Toronto condo prices have declined 10 per cent since the start of the pandemic

A new report by Zoocasa says the median condo apartment price declined 10 per cent by $65,000 between February and April

Despite predictions that Toronto real estate would see a rise in home sales and prices this year, the numbers now look a lot more encouraging for buyers thanks to the pandemic.

By the time April hit, public safety measures saw many home buyers and sellers pressing pause. According to a report released by listings site Zoocasa, and based on data from the Toronto Regional Real Estate Board, home sales have slowed considerably in April, with double-digit declines. Condos, in particular, saw a major drop in year-over-year sales, by nearly 70 per cent. 

The median condo apartment price declined by about 10 per cent – or $65,000 – between February and April 2020, to $574,000.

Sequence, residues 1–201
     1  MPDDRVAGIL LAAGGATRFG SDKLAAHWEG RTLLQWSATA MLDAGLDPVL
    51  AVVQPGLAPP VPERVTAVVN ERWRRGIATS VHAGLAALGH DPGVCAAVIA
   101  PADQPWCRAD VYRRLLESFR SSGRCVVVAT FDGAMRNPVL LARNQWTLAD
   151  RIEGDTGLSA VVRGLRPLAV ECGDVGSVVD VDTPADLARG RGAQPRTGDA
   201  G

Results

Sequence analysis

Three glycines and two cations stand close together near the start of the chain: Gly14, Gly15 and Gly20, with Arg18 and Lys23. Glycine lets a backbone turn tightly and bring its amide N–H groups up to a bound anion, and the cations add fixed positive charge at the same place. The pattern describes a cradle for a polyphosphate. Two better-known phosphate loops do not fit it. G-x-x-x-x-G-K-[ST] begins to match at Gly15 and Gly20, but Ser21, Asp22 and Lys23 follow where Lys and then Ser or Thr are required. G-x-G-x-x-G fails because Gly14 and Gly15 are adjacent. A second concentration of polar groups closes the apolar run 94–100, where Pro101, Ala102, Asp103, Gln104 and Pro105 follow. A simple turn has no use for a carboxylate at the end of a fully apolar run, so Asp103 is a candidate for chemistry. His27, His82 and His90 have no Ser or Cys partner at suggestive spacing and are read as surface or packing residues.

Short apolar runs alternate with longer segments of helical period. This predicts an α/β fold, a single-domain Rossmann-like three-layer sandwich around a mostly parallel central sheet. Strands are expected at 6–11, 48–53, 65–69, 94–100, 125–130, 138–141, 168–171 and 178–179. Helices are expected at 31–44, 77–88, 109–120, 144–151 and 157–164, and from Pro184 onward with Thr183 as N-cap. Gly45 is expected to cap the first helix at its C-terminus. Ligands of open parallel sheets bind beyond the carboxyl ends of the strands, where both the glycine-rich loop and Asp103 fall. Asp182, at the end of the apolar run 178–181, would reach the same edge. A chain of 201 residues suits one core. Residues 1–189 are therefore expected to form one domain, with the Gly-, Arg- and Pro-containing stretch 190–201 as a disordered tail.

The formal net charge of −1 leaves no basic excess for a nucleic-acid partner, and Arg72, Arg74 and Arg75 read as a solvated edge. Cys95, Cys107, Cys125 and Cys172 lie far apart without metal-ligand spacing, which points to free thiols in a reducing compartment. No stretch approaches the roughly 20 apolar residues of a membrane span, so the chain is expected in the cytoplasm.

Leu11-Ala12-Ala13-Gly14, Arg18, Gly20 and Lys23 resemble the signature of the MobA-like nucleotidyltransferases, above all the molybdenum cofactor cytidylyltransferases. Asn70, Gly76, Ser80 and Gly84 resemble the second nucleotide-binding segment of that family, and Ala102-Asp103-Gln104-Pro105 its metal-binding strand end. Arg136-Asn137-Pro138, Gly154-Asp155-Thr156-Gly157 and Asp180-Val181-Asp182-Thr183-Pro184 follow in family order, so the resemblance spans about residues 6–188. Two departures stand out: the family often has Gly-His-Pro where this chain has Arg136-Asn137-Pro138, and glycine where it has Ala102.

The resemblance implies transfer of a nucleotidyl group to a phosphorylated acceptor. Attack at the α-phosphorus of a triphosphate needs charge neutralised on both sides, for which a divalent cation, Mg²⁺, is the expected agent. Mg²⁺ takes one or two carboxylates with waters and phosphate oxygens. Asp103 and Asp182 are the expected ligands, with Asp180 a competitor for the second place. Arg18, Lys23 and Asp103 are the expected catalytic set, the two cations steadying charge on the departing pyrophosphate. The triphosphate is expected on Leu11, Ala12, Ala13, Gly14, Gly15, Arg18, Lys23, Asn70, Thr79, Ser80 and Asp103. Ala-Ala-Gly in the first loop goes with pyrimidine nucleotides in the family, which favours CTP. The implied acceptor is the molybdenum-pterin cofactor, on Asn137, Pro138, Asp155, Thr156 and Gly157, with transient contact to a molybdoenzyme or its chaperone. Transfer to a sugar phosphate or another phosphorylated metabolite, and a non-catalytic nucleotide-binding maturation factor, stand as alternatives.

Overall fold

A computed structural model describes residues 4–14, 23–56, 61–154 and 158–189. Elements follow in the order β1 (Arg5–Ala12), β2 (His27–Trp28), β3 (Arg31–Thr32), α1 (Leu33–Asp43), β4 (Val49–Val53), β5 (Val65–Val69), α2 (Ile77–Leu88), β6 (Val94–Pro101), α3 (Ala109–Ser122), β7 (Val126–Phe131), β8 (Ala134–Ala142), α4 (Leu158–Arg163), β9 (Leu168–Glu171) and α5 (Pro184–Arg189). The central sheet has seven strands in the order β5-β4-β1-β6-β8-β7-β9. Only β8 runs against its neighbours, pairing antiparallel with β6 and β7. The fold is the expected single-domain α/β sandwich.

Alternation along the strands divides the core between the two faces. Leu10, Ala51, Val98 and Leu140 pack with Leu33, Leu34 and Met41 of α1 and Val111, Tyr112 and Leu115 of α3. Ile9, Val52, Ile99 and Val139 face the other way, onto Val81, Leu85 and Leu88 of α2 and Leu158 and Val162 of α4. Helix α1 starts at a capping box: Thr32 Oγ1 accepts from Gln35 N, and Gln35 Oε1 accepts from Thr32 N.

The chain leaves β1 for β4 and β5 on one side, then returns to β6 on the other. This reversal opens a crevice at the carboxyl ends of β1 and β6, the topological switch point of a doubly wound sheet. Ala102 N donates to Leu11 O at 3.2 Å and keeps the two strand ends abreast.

Out of the city’s 35 neighbourhoods, 21 had fewer than 10 sales throughout April, which is three times the neighbourhoods that had a low sales volume in February. 

In 14 neighbourhoods with at least 10 sales, the median condo price rose in just one and fell in all others. 

Condo prices drop

Courtesy of Zoocasa

Those neighbourhoods with the greatest price declines are largely in the city centre, with Mount Pleasant East seeing the largest decline, by 18 per cent, dropping from $617,500 to $131,500. This was followed by Regent Park, Newtonbrook East, Willowdale West and Downtown. 

The only area to see a median price increase, out of those neighbourhoods with at least 10 condo apartment sales in April, was Milliken, Agincourt North in Scarborough. Condo apartment sales were down 49 per cent there compared to February, which doesn’t sound quite so extreme in comparison to the city’s overall sales decline of 64 per cent for condo apartments.

Still, based on the city’s overall condo market, for those who have been itching to buy, this may just be the time.

According to Emma Pace, a Zoocasa agent in the city, “due to the competitive nature of the market subsiding, qualified buyers who may have otherwise forgone an attempt at a home search even four to eight weeks ago are now reviewing how they can participate and starting to enter the market.”


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